So, in my case, when I’m on my satellites, I have a VHF transverter on this port and a UHF transverter on that port works beautifully. And I have videos on our Flex website regarding that. Now this orange dot up here, we have the ability to add a balanced microphone input. So, that’s really cool. The band isolation goes from about 30, 35 dB to almost 55 to 60 dB. So, that’s another huge improvement in band isolation as well. Pretty much everything else is the same on a 66. We again have the GPSDO, or 10 megahertz input, the remote on, and et cetera, all this stuff I discussed earlier. And if this was a 66M, you would have a display port here. This would be an HDMI connector there. And that pretty much that sums it up. Think of the 6600 too as having two 6400s on your desk with better band-pass filters and a shared transmitter because you can only transmit in one spot at a time.
And as well as 6600 comes with four slices instead of two to just give you more flexibility. Believe it or not, I use three a lot during six meter season. I will have a one slice on 50.313 for FT8, another slice on 50.318 for FT4. The band’s really open. I might open a third slice on 50.323 for the DX stuff off North America. And then I might take the fourth and move it over to 50.125 to keep an eye on any side band QSO’s going on, or anything a little further down the band in terms of CW. And that’s how you utilize multiple slices if you’re grid counting or DX or just trying to find some new stuff. And that works incredibly well. Without this type of radio, the only way to do that would’ve been multiple radios hooked up to different antennas. Make it incredibly, well, just not practical.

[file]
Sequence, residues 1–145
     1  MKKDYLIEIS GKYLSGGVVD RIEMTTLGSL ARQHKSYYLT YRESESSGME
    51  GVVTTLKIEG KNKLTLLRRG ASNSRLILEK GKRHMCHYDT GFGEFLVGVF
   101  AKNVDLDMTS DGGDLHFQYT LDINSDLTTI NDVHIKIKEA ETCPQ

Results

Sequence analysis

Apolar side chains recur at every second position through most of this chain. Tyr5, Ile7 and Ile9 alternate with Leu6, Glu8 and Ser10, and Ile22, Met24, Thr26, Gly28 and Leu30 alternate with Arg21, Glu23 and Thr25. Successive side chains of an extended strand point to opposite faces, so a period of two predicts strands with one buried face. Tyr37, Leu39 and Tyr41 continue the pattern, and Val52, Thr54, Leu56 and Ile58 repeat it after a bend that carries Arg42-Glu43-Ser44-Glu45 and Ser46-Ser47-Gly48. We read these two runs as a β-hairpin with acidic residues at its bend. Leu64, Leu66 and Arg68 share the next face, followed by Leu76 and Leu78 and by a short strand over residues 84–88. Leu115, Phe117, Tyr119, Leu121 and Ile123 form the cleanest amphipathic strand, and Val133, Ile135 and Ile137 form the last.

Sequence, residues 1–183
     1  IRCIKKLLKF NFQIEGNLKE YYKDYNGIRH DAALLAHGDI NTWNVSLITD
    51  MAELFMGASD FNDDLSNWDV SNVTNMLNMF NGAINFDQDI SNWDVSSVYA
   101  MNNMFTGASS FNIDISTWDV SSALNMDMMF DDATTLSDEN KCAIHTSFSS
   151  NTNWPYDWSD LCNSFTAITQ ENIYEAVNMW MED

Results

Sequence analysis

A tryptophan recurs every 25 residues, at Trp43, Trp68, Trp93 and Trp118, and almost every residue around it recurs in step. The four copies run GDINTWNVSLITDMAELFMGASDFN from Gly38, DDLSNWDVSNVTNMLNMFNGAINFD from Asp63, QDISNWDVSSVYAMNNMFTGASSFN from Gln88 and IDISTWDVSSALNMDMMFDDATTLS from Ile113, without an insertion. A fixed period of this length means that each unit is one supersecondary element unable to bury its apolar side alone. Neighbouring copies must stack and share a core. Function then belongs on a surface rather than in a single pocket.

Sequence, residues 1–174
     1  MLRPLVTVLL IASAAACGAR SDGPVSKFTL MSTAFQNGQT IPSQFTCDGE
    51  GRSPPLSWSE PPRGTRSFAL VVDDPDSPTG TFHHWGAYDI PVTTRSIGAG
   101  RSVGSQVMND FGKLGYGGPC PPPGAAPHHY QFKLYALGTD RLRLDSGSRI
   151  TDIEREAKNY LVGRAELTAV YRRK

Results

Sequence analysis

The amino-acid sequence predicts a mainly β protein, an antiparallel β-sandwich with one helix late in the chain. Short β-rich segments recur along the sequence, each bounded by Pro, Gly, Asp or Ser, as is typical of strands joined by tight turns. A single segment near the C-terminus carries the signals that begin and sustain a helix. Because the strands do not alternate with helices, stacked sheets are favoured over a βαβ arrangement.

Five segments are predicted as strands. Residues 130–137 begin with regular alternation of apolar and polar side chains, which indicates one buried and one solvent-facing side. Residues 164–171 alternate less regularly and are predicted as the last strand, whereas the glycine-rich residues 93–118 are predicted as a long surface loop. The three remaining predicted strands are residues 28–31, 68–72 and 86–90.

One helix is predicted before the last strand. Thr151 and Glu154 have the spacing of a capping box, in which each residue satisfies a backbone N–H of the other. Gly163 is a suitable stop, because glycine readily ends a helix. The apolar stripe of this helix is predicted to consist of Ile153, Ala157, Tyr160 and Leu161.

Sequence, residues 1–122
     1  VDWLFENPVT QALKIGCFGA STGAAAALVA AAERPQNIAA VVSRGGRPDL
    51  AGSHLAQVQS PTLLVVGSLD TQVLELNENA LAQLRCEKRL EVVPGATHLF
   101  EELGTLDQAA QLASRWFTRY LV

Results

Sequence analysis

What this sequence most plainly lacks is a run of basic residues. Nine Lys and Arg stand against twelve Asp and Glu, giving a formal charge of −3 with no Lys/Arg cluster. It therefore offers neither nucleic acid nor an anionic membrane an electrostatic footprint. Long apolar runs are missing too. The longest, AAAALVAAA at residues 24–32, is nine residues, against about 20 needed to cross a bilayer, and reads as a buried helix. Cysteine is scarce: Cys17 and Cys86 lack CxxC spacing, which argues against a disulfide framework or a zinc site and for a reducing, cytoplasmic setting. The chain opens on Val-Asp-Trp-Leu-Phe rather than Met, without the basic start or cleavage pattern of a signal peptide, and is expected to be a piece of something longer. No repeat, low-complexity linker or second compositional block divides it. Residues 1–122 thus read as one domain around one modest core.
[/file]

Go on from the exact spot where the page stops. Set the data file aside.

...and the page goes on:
And on a Flex world, you now can share all that information on the same antenna because these antennas on both the 66 and the 6400 are receiving a hundred percent of the time from 30 kilohertz to 54 megahertz. Allowing you to poke around and look and listen to a baseball game while you’re on six meters on AM radio versus the six-meter band because we grab all the data from the HF spectrum and we digitize it, and there you go. And we digitize it, and then it comes to the client and you get to use it. So, incredibly powerful. That’s just some of the hardware features of this radio, the 6400 and the 6600. So, thanks for listening. Key points to remember are whether the radio has one spectral capture unit or two spectral capture units. You may only have one antenna, as we said. That is a perfect candidate for the 6400 model.
And if you’re a contester and you’re building a big antenna farm, then certainly having two spectral capture units is an incredibly efficient way to build out your station, especially if you’re considering something like an SO2R operation, SO2R operation, or maybe even some multiFLEX work where you’re sharing your radio with others. Another thing to consider is how many slices will you use? Many people just use one receiver at a time, or maybe two. Digital operators or digital contest operators can use up to four at the same time and make full use of them. Again, depends on your personal preference. So, thanks for listening. Have a great day. Mike, VA3MW from FlexRadio. Take care.